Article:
Risks of Muslim pressure over Rohingya
Hari Kumar says the focus should be onfellow Islamic nation Bangladesh, not Myanmar
Leaders of the Muslim world are putting pressure on Myanmar over the treatment of Rohingya Muslims in the country and calling for urgent action by the government.
A UN special human rights rapporteur had earlier raised concerns about reports of extrajudicial killings and torture after clashes between Rakhine Buddhists and Rohingya Muslims.
A delegation from the Organisation of Islamic Co-operation led by Turkey's foreign minister, Ahmet Davutoglu, visited Myanmar and urged President Thein Sein to look into the matter.
Saudi Arabia went further, accusing Myanmar of ethnic cleansing. The country's cabinet urged the "international community to take up its responsibilities by providing needed protection and quality of life to Muslims in Myanmar".
Meanwhile, protesters belonging to various Islamic organisations have rallied in front of Myanmar embassies in the region to voice similar sentiments.
While the concerns raised by these countries and Muslim leaders are understandable, what is puzzling is their inability to persuade Bangladesh, a fellow Muslim country, to adopt a more humanitarian approach to the fleeing Rohingya refugees.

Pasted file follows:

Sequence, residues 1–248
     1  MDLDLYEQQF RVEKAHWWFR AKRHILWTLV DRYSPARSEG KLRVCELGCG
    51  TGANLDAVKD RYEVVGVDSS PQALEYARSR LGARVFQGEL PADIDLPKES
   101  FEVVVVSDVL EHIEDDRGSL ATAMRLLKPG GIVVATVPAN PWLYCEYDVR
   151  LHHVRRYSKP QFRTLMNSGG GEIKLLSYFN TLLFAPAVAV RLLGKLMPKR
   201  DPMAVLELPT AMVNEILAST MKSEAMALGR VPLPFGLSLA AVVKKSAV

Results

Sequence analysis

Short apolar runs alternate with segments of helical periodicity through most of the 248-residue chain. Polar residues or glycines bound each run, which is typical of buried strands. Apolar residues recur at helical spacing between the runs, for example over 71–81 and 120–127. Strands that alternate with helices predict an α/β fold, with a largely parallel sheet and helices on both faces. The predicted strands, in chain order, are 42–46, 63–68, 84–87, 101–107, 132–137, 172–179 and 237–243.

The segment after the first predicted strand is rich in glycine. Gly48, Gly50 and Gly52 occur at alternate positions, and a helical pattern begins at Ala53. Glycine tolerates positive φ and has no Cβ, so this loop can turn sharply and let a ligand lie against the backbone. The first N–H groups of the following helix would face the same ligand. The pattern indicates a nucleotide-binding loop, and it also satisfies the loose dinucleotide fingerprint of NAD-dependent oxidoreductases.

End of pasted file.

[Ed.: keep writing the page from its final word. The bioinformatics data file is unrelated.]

Bangladesh has turned away boats carrying hundreds of Rohingya fleeing the violence in Myanmar and the government has stopped three international charities, including Britain's Muslim Aid, from helping them. Dhaka fears that help from these agencies might act as a magnate and draw more refugees.
About 30,000 Rohingya are registered refugees living in two Bangladeshi camps run by the UN. But Dhaka says their actual number is 10 times that figure. With Bangladesh not allowing the UN High Commissioner for Refugees to register them as refugees, most remain as stateless illegal immigrants.
Meanwhile, Myanmar classifies the Rohingya as Bengali Muslims who entered from Bangladesh, and does not recognise them as citizens of Myanmar.
Shunned by both Myanmar and Bangladesh, many Rohingya take to rickety boats and try to reach safer shores of other countries to escape their plight. In 2010, this paper highlighted the inhuman treatment Rohingya boatpeople received from Thai officials who towed their boats out to the deep seas and set them adrift, resulting in many deaths.
Decades of discrimination have made the United Nations label Rohingya as one of the world's most persecuted minorities.
Countries like Saudi Arabia and Turkey should be lauded for taking up their causes. But viewing their woes with a religious tint will not help their cause; it will only enhance animosity against them in mainly Buddhist Myanmar.
Hari Kumar is a Post journalist